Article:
As we move toward the 25th of May when the European Union General Data Protection Regulation (GDPR) will come into force, most enterprises are focused on just two questions: Are we affected? And, how do we comply?

The past months have made it clear that GDPR is more far-reaching than some initially thought. Your company is subject to this new regulation if it does business with just one EU citizen or in one EU location – no matter where it is headquartered or where else it does business. As a result, you currently may be in haste to achieve full GDPR implementation, including making changes to achieve both compliance by the deadline as well as maintain ongoing compliance.

Beyond the near term, however, I see GDPR as a fantastic opportunity to unify and simplify the way organizations and governments defend and protect data. GDPR is not a directive, but a law that does not allow for varying interpretations by local governments in the 28 EU countries or beyond. It explicitly mentions technologies, such as encryption, that help protect enterprises against cyberattacks. Furthermore, GDPR implicitly encourages discipline that improve cybersecurity, such as data loss protection, identity governance and monitoring. As a result, I expect GDPR to be a catalyst for cybersecurity investment over the long term – and to make these investments more effective, since companies must meet identical high standards across all EU countries where they do business.

GDPR will spur investment in the following areas:

  • Privacy safeguards. At the core of GDPR is the Privacy Impact Assessment (PIA), a process to determine where data sits, in which format, who manages it, for how long, etc. After this initial assessment comes protection and defense – starting with defining processes and protocols to know and manage who has access to what data. These requirements will spur additional investment in preventing and addressing unauthorized access.
  • Monitoring. GDPR’s ongoing compliance mandate requires enterprises to prove effective privacy safeguards at any time. This requirement is far more rigorous than for periodic audits, which merely show results – good and bad – at a given time. Investment in improved monitoring as required by GDPR can only benefit enterprises that seek to avert, detect and respond more quickly to a potential cyberattack.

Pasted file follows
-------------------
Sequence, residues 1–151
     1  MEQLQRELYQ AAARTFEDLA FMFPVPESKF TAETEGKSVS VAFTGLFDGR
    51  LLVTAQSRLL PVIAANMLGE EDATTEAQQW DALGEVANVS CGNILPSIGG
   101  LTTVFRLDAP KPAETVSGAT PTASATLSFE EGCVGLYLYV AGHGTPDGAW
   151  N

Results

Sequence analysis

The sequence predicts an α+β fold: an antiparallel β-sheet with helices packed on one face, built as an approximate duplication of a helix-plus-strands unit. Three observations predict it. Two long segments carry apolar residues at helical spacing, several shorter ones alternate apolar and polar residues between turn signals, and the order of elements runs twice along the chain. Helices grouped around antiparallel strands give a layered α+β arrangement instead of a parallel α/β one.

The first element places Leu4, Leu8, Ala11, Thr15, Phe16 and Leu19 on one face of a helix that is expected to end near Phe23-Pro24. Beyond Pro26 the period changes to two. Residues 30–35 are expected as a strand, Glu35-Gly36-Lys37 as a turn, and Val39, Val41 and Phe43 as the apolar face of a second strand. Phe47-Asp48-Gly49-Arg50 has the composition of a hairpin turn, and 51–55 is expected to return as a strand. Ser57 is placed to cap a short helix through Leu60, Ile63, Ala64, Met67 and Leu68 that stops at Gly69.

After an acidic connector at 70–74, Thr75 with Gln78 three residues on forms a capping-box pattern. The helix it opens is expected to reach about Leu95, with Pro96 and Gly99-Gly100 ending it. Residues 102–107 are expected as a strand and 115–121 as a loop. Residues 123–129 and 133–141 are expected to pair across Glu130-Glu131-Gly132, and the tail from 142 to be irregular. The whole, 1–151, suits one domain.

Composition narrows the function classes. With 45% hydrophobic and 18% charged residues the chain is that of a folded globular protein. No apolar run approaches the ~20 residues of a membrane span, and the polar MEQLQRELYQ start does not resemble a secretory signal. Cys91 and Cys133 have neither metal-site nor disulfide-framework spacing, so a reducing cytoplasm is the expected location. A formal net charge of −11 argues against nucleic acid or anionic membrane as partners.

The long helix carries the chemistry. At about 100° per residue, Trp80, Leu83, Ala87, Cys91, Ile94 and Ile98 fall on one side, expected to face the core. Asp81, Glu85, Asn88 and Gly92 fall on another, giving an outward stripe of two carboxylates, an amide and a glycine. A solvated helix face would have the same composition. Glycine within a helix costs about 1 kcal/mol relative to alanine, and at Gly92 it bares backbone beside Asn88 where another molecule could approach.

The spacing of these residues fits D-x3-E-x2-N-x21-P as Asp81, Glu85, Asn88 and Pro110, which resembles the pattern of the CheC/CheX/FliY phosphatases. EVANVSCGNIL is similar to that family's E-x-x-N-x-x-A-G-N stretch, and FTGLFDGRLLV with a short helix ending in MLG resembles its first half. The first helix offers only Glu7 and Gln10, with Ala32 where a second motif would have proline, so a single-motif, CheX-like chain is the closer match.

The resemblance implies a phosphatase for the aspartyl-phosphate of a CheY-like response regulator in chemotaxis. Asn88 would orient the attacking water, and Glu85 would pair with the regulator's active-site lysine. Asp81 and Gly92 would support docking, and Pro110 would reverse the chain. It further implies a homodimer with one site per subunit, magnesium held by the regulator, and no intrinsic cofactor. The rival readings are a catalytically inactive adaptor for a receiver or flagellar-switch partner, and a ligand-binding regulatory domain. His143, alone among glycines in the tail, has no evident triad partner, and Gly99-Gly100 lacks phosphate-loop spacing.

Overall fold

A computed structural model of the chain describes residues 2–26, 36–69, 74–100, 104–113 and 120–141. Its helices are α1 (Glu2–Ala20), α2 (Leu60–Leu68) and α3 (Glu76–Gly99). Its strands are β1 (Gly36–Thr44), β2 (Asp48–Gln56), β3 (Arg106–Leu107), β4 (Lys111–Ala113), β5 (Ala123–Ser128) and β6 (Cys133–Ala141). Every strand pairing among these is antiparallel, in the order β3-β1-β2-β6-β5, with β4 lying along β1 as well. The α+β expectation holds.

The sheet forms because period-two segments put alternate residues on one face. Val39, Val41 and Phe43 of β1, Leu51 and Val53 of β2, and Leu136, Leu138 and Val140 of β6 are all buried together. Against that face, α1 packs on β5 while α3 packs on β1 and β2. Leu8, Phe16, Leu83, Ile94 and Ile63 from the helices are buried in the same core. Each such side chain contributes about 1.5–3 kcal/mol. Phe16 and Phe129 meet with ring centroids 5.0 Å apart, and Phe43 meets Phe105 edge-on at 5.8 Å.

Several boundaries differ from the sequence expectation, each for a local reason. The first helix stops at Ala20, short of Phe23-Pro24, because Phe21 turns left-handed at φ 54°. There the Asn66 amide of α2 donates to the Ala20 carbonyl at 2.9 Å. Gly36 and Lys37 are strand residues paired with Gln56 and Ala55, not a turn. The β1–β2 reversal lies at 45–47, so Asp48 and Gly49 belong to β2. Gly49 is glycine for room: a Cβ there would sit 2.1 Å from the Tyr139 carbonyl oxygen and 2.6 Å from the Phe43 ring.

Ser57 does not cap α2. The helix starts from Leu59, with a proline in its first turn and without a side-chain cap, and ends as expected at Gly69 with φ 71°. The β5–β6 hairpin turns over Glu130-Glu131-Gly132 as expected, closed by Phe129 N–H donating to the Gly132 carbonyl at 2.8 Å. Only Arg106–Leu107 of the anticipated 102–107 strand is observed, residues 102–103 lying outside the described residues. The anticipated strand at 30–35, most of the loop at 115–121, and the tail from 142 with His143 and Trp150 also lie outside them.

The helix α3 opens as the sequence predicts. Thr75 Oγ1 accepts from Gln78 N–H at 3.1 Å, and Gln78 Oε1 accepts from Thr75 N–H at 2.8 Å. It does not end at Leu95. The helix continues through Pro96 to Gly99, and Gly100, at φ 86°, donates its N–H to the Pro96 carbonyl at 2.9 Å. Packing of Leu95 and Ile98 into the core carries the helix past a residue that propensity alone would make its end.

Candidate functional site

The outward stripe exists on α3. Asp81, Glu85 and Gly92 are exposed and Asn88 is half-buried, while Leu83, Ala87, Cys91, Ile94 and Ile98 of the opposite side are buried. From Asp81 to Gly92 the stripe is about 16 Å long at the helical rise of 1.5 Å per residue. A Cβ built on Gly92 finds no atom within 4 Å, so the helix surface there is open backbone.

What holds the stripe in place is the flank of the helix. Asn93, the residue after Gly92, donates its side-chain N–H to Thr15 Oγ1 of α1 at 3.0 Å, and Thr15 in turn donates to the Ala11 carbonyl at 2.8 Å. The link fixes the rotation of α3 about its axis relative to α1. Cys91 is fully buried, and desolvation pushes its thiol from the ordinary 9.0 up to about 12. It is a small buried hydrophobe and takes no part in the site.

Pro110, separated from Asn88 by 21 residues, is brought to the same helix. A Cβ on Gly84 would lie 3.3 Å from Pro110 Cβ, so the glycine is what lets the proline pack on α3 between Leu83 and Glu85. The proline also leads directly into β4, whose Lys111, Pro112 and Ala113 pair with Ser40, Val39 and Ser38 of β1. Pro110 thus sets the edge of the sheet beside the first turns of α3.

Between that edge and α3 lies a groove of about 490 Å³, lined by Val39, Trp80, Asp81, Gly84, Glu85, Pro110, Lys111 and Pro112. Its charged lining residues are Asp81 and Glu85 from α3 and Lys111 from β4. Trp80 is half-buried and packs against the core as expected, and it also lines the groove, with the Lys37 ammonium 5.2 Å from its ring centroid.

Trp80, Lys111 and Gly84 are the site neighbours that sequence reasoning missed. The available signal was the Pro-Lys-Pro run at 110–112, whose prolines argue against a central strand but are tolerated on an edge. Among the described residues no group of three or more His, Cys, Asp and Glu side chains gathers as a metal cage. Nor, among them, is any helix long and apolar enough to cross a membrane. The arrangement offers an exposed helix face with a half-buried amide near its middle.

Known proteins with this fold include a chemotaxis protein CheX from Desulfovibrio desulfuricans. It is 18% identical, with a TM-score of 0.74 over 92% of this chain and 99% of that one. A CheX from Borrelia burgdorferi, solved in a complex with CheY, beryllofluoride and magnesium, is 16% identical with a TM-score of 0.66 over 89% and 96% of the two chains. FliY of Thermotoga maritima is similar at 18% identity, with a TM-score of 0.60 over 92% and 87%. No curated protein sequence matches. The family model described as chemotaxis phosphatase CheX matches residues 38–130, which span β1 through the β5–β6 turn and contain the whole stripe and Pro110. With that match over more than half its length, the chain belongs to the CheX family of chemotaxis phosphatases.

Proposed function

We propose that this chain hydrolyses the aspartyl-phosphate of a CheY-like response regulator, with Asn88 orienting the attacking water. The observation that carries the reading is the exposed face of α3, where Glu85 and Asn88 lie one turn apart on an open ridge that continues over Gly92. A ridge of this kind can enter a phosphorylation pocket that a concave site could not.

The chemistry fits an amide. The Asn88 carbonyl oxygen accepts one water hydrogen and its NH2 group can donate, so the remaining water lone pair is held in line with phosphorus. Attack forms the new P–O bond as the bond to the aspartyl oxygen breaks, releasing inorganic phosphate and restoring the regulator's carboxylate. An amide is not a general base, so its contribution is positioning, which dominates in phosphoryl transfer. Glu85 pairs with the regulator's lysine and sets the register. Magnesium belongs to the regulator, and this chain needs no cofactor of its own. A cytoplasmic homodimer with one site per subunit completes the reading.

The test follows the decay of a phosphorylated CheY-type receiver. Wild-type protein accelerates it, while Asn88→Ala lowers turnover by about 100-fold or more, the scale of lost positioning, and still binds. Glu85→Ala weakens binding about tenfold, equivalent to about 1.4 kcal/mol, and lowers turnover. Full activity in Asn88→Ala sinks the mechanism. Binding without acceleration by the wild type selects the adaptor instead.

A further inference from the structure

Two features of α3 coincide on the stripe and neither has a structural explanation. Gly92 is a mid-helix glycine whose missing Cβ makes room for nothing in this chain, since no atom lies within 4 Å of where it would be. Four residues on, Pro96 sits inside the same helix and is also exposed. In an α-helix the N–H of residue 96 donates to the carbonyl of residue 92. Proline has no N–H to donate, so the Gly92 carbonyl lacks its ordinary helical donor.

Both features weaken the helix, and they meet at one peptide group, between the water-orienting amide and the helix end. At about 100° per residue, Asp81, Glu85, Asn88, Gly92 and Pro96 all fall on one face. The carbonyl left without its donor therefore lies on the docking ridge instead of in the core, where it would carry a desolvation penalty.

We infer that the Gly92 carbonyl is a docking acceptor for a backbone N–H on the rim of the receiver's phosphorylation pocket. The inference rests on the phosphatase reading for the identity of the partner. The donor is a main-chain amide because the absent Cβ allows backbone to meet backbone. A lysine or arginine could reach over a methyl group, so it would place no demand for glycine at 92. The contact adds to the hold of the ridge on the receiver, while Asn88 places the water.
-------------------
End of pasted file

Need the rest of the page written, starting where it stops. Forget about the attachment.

• Breach communication. GDPR requires companies to inform the appropriate regulator of a data breach within 72 hours of the moment they know a breach occurred. The law is silent about whether an organization will incur liability if it doesn’t detect a breach that quickly. My opinion is that ignorance will not be considered a valid defense. Reporting a breach several months after it occurred will cause regulators to question the quality of a company’s control and reporting capabilities. Therefore, enterprises have new incentives to invest in disciplines that improve cybersecurity monitoring and reporting. It’s also interesting to note that the first drafts of GDPR called for data breach reporting to occur within just 24 hours, which makes me wonder whether regulators will choose to shrink this communication window over time.

Any sweeping new regulation may have unintended consequences. GDPR sets forth privacy obligations, enforcement and penalties that differ from those in other regions of the world, requiring multinational enterprises to carefully consider and navigate any differences. In addition, an organization’s GDPR-required Data Privacy Officer (DPO) may not always be in sync with the departments tasked with the mechanisms to ensure data security, development, infrastructure, network management, etc.

Overall, however, I consider GDPR something to celebrate. It sets uniform standards for data privacy and security, and provides incentives for enterprises to invest in cybersecurity that could reduce cybercrime around the world.

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